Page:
Aug 17, 2015

Dr. Gellner: Even if your child has been in child care, the first day of real school is an important event often marked by tense anticipation. Getting your child off to a good start the first weeks of school will build future positive attitudes. I'm Dr. Cindy Gellner and preparing for the first day of school is our talk on today's Scope.

Announcer: Keep your kids healthy and happy. You are now entering the Healthy Kids Zone, with Dr. Cindy Gellner on The Scope.

Dr. Gellner: So if your child is about to start school for the very first time, you may find the following tips really helpful with this transition.

Visit the school a few times before the start of classes. A big new school is less scary on a quiet weekend day. Walk or drive the route your child will take. Look and play on the playground. Walk around the school and even try to peek into the windows. It helps your child get used to a new environment. Try to find out the name of your child's teacher and if possible, let your child see the classroom, bathroom and lunch area and meet the teacher before the first day of school. Many schools have specific times when you can visit, such as Back to School Nights. Talk about school activities and rules with your child so he or she knows what is expected while at school.

Back to school shopping is in full swing right now so take your kids and shop together for school shoes, clothing and supplies. Let your child select his or her own backpack or lunch box and other supplies from the list given to you by the school. Let your child help you put the school supplies in the backpack with you.

It's okay to allow your child to be scared about starting school. Don't try to ignore those feelings of fear and point out to them that children are often scared when they first go off to school because they'll miss their parents and they don't know what to expect. Try to arrange to have your child meet a classmate before school starts, that way your child will see a friendly face on the first day of school.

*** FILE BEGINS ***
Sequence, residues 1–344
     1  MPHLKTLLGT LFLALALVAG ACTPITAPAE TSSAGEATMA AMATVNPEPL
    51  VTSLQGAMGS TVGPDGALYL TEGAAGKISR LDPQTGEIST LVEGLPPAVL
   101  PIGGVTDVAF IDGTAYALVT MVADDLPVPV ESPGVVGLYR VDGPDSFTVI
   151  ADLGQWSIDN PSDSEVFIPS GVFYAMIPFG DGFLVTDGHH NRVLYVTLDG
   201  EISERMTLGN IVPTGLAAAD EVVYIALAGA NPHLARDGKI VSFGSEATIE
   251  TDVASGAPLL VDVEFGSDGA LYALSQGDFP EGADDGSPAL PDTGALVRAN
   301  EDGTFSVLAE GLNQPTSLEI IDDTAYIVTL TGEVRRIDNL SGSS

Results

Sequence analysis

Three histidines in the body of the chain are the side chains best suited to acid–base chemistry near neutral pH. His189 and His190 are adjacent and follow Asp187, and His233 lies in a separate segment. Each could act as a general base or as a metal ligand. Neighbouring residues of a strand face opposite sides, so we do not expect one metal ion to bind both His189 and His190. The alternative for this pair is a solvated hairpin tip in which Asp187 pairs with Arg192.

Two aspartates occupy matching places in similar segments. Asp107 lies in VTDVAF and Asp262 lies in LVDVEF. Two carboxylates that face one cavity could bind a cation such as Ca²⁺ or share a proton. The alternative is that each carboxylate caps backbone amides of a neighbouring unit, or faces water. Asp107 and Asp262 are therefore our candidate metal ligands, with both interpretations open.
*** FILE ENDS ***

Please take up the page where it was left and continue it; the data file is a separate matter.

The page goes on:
Once at school, don't force your child to participate. Let your child get used to a new place by observing rather than taking part. Your child is likely to resist if you push too hard. Some kids are naturally shy and that's okay. Make your goodbyes short and visible. If you take your child to the classroom, don't try to sneak away while your child is doing an activity. Always say goodbye and when you say goodbye, act casual and upbeat. If your child protests, stay calm and state firmly there's no other choice. Let your child know you will see him at the end of the day.

After school, ask about your child's day. Questions such as what happened in school? Did you make new friends? Did you have fun? What did you do? Show special attention and affection and let your child know that you are proud of him or her and listen for feelings of anger or fear, along with those feelings of excitement and happiness.

If your child is old enough to have homework, which most kids are, even starting in kindergarten, be sure to have a good study space for them. Make sure they have a table or desk, good lighting and the school supplies they need. If possible, keep the study area far away from tempting distractions like the TV.

Be sure to plan for the following day. Help your child get into the habit of organizing their things. Make sure they set out their clothes, their backpack. Any permission slips or homework from the night before need to be taken care of that night. Both you and your child will feel less frazzled in the morning.

Be sure to note important dates for your child and their school year. Buy a giant wall calendar and if your child is too young to read or write, draw pictures symbolizing important school activities. Help an older child dot down the dates of tests, reports, field trips and special events. Be available to encourage your child and show them that you care about how they do in school.

If your child has problems with a certain subject, talk to your teacher about things that you can do at home, as well as tutoring or other special attention they can get at school. Help them with their homework, but don't do their homework for them. This is not a way to protect them. It keeps the child from learning the subject and it keeps them from learning self-confidence.

If you can, become involved in your child's school. Join the Parent Teacher Organization or volunteer your time. By doing this, you share more of your child's world and you'll be in a better position to understand and make suggestions for improvement. Making school a fun and positive experience for your child will help instill a lifetime of learning success for them.

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